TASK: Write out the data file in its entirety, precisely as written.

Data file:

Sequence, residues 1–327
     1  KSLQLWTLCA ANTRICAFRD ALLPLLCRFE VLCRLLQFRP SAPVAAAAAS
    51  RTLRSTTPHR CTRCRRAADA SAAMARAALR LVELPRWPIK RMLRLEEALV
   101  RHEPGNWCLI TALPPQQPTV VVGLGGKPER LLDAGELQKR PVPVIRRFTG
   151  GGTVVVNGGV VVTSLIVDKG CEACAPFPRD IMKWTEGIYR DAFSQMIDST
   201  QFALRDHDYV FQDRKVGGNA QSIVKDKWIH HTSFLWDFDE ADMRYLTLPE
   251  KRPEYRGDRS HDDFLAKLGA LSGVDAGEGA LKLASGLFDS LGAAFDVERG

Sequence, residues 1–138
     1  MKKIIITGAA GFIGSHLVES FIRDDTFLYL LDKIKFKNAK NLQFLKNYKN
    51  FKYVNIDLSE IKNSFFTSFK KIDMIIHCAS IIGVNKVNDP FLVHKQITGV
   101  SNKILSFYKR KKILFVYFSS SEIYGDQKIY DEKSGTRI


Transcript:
Sequence, residues 1–327
     1  KSLQLWTLCA ANTRICAFRD ALLPLLCRFE VLCRLLQFRP SAPVAAAAAS
    51  RTLRSTTPHR CTRCRRAADA SAAMARAALR LVELPRWPIK RMLRLEEALV
   101  RHEPGNWCLI TALPPQQPTV VVGLGGKPER LLDAGELQKR PVPVIRRFTG
   151  GGTVVVNGGV VVTSLIVDKG CEACAPFPRD IMKWTEGIYR DAFSQMIDST
   201  QFALRDHDYV FQDRKVGGNA QSIVKDKWIH HTSFLWDFDE ADMRYLTLPE
   251  KRPEYRGDRS HDDFLAKLGA LSGVDAGEGA LKLASGLFDS LGAAFDVERG

Sequence, residues 1–138
     1  MKKIIITGAA GFIGSHLVES FIRDDTFLYL LDKIKFKNAK NLQFLKNYKN
    51  FKYVNIDLSE IKNSFFTSFK KIDMIIHCAS IIGVNKVNDP FLVHKQITGV
   101  SNKILSFYKR KKILFVYFSS SEIYGDQKIY DEKSGTRI